So that’s that then. Four months of the most shocking meltdown since Michael Douglas in Falling Down are over, and our weekends have got a bit less entertaining.
There’ll be no more of those post-match monologues to a dumbstruck Geoff Shreeves or whoever it is following the latest Stamford Bridge defeat to whoever turned up – Southampton, Liverpool, Bournemouth, anyone really. Scunthorpe United’s win over Leyton Orient in the FA Cup on Tuesday meant that the Iron will be going there in the New Year. Perhaps the thought of losing to them was the final straw.
In all seriousness, it is easy to joke about Jose Mourinho’s spectacular fall from grace at Chelsea because he’s made it easy for us to do so.
His often deplorable behaviour was – using football logic – easy to overlook for many last season because his side deservedly ran away with the Premier League title. Eden Hazard was mesmeric, Diego Costa imperious and John Terry reborn. Nemanja Matic gloriously stampeded his way through football matches like the Ghostbusters’ Stay Puft Marshmallow Man in New York City. Chelsea were the best team in the league by a country mile, and deserved to win it by more than eight points.
But after wringing so much effort out of a squad of largely ageing players, Mourinho was hardly going to find himself a popular figure when those same players reconvened for 2015/16 and he started barking his demanding orders at them again.
Blame those players if you want – and they certainly deserve their fair share – but the failure to re-motivate, re- condition and re-shape his now successful squad was all Mourinho’s fault. His summer signings hardly inspired, and in the case of the doubtless regretful Pedro they just didn’t seem suited to his gameplan.
It’s the reason why Mourinho never lasts too long wherever he is, and why his hopes of ‘building a legacy’ at Chelsea – in the manner of his hero Sir Alex Ferguson at Manchester United – are never going to come to pass unless he changes his ways.
After a while in his presence this current, control-freak version of Mourinho just becomes, well, an irritant. Ask anyone from a fourth official to a ballboy or a medical professional just doing her job.
There’s little doubt that the quite scandalous row with Dr Eva Carneiro following the 2-2 draw with Swansea City on the opening day of the campaign cast a shadow over Chelsea’s season which is still there today. Suddenly Mourinho seemed to lose the respect of his players, who he needed to keep onside if he was going to once again drill his relentless ways of winning into them.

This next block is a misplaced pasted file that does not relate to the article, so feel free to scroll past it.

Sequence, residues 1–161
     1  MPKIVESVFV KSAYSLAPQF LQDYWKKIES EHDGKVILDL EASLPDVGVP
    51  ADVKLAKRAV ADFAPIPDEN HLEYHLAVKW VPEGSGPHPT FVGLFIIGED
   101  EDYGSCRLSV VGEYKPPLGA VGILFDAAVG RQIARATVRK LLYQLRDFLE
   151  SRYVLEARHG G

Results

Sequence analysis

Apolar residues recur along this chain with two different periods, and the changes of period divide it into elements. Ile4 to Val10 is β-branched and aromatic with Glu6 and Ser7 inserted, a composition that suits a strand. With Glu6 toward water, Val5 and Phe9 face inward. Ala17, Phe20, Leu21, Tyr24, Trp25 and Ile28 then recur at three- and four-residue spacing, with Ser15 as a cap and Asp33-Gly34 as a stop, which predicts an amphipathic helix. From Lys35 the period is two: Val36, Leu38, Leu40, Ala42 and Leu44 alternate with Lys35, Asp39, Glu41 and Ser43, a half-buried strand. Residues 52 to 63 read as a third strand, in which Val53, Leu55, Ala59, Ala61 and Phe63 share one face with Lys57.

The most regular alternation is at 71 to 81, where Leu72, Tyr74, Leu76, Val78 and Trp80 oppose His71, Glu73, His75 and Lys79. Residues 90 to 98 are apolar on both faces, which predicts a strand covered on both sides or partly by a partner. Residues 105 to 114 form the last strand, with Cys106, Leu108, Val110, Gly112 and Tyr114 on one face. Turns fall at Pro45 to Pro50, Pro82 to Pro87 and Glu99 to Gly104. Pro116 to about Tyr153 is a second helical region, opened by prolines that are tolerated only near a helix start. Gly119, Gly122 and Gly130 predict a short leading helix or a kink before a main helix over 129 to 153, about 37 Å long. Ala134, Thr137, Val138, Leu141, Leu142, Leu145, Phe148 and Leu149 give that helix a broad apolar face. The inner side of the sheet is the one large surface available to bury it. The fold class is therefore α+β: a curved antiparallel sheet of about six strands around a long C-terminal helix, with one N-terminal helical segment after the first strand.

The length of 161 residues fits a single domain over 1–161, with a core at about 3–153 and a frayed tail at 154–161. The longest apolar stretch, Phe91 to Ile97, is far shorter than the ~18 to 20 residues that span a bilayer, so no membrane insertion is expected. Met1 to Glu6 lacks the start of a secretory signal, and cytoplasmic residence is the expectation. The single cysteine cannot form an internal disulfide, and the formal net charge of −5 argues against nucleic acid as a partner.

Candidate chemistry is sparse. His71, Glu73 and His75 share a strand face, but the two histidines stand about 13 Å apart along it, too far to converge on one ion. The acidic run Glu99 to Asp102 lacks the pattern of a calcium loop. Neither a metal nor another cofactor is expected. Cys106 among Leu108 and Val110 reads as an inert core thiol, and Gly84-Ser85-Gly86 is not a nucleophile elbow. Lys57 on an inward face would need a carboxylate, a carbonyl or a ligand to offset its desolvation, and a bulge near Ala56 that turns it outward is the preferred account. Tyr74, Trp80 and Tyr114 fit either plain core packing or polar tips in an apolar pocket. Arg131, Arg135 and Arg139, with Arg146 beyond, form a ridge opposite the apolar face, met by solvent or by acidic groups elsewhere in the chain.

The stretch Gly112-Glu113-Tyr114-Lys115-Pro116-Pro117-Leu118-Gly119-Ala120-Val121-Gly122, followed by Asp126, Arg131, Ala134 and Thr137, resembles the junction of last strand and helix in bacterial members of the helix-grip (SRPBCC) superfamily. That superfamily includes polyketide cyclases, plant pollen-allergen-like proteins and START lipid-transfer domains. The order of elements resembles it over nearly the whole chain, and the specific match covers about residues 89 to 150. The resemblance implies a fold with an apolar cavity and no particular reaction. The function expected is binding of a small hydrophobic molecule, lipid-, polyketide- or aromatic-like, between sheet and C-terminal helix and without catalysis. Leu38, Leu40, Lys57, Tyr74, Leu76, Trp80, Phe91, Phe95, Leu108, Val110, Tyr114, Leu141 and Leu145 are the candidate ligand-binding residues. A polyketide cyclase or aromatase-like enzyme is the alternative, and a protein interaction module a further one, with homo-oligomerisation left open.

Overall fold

The modern footballer is quite a sensitive soul, and once that trust evaporated then there was only one way that Chelsea were going and that was down the table.
Miserable defeat followed miserable defeat, and with only the solace of a simple Champions League group to sustain him, the manager lost more and more control.
His outburst following the defeat at Leicester City on Monday night – a result which left Chelsea just a point outside the relegation zone – would appear to have sealed his fate.
Mourinho singled out the likes of Hazard, Costa and Cesc Fabregas for criticism, whilst claiming that his squad of superstars must believe that they ‘were at the same level’ as their next two opponents Sunderland and Watford if they wanted to get a result.
His repeated use of the word ‘betrayal’ when referring to defensive errors from Kurt Zouma and Cesar Azpilicueta suggested that the pair had somehow slighted him personally rather than just failed to track Jamie Vardy or close down Riyad Mahrez. This was an all-out war now.
But now by removing the toxic Mourinho from the picture, Chelsea have given themselves room to breathe. The players will start feeling good about themselves again and will probably finish in the top half at least.
The Portuguese is a very, very good manager, and one who deserves his place at the very top table of the European game.
He just needs to chill out a bit from time to time. He can’t control everything.